When to plant

Plants vary in terms of frost tolerance, but many can be planted outside early without any danger of damage from frost or snow. The advantage of containers is that they can be moved into a more protected spot if you have any concerns at all. For an early garden, use those annuals that have a higher frost tolerance. Pansies and snapdragons are two examples of frost hardy annuals and can be planted in early April without harm. For more information on when plants can safely be planted in your zone, see the plant hardiness zone map.

 

Transplanting tips

Perennial root ball

Transplanting your bedding plants into containers is quite simple. Once you've created the best soil mixture possible in your planter, make small holes in the soil to place the plants into. Then remove plants from their sectioned trays and gently break up the rootball of each plant to enable the roots to spread into the soil as the plants grow. Tamp the soil down around the plant after transplanting. Give it a good soaking followed by a dose of transplanting fertilizer which encourages root growth.

 

Plant care

Like all blooming plants, annual or perennial, the plants in container gardens have the same needs...food, water and a little light housekeeping. The main difference is that a planter is limited in space... and soil. This means you are in charge of providing for its' needs - more frequent watering than a garden bed and very regular feeding. If growing sun loving plants in pots you'll need to water every day. Never let the container become totally dry. The light housekeeping involves pulling out the odd weed and deadheading to remove faded blooms as they die.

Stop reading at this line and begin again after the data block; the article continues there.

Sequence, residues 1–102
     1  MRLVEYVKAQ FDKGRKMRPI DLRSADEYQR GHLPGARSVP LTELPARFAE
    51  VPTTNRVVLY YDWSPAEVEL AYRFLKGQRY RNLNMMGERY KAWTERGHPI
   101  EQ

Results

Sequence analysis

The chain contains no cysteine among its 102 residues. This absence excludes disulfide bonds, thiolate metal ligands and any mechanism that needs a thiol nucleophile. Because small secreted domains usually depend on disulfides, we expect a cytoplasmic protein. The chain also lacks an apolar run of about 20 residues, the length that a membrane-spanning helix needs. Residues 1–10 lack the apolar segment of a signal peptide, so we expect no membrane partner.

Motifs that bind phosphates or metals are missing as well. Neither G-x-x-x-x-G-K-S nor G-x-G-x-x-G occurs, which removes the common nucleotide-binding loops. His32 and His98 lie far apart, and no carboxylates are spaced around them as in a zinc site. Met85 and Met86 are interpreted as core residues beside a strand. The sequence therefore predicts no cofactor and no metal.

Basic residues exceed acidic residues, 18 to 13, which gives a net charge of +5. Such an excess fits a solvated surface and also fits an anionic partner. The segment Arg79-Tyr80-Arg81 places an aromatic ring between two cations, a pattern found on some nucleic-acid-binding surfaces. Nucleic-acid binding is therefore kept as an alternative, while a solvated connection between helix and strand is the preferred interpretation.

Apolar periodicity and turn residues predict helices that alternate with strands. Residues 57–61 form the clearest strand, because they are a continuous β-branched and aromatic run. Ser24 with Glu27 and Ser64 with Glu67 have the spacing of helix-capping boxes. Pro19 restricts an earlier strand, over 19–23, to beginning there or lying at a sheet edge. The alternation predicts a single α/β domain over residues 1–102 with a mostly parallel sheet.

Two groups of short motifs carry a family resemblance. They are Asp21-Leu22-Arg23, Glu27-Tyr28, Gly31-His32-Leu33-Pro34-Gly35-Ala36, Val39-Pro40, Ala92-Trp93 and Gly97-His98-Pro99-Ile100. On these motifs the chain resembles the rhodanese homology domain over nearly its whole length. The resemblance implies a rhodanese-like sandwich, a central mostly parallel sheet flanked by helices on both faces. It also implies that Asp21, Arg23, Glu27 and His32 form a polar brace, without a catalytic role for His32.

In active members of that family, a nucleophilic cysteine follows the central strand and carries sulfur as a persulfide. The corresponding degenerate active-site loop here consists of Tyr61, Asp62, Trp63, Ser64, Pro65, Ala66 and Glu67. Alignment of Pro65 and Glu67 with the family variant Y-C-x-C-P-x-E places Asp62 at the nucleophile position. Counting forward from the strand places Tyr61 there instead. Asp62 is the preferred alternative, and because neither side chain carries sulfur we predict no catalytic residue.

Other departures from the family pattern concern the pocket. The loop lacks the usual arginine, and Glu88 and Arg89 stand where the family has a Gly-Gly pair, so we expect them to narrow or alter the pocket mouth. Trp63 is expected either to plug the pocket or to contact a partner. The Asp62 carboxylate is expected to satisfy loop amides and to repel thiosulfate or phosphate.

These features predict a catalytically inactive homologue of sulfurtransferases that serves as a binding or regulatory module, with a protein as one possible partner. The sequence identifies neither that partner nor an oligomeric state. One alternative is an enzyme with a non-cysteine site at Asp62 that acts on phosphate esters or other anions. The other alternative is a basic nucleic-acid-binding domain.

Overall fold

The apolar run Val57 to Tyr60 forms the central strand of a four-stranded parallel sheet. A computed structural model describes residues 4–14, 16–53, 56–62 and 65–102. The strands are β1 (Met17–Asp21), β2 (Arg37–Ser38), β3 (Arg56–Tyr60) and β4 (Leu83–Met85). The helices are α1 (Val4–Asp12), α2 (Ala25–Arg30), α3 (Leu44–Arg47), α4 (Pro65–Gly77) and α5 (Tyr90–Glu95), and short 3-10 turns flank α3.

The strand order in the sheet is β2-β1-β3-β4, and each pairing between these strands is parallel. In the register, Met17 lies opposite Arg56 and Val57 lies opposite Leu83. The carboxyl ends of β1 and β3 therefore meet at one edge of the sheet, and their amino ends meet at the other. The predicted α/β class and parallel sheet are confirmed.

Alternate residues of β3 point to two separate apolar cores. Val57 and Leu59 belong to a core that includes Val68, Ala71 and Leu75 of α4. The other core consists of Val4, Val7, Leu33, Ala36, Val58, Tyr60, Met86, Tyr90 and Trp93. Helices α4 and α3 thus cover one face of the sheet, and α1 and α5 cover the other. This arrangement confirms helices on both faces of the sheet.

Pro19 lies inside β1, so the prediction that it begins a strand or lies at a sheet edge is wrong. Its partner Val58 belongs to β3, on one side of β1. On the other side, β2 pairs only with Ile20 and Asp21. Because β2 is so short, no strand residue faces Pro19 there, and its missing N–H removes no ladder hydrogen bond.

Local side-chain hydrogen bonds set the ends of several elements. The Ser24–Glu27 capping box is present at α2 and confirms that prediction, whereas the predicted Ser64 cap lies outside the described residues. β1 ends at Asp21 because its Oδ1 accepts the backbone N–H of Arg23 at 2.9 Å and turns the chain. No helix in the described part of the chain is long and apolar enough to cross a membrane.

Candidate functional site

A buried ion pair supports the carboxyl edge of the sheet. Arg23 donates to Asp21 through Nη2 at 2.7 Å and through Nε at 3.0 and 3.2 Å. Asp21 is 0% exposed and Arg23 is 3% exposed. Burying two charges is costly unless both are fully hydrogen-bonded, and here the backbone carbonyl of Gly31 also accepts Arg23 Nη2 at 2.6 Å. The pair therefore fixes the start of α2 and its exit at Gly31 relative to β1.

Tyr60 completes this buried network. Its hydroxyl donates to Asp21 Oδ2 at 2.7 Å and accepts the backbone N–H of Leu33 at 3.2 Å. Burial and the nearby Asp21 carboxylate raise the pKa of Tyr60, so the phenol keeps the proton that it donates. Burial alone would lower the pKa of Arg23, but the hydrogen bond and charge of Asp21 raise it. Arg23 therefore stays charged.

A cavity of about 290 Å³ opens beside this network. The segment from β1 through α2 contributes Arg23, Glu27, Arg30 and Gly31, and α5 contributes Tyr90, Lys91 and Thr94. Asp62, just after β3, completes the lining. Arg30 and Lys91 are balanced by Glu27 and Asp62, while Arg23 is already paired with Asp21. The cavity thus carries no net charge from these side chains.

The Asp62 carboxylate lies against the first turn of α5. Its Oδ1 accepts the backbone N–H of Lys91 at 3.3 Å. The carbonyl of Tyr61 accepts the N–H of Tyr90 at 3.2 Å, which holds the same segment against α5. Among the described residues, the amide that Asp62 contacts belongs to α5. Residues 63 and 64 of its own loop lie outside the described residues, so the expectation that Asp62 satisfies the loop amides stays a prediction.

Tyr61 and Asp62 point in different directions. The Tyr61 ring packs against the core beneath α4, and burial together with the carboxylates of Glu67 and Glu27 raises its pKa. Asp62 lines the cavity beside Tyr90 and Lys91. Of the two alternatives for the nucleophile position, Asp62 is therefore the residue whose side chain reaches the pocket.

Fertilizing

Plants need food to grow just like people. Select the type of fertilizer for the plants' needs, for example: blooming plants would use a fertilizer high in phosphorous. Click here for more info on plant nutrients.

 

Deadheading

Deadheading

Plants will go to seed once their blooms are finished. Deadheading will stop the plant from setting seed too soon. Remove the faded flowers by pinching off the flower head. Now the plant will spend its energy producing more flowers instead of seed.

 

Deadheading will not only encourage many more flowers, it will create a longer blooming period. Another tip to increase plant growth is to pinch the central growing tip of the plant. This will produce side shoots further down the stem, creating a bushier plant that will produce more flowers throughout the season.

 

 

Container recipes and resources

 

Container Gardens

Perfect for small patios, backyards, decks and balconies.

 

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   Spring and summer container ideas

   Sun and shade planter recipes

   D.I.Y. Rio dipladenias

   Annuals for your containers

   Accents for your containers

   Red star spikes

 

Beautiful planters

Try mixing several sizes, shapes and colours all in the same container for a variety of distinctive looks. Try a dracaena or red star spike in the centre, surround with geraniums and fill in the rim with a trailing vinca which will spill over the edge.

 

Rio dipladenias Container Garden Container Garden Container Garden Space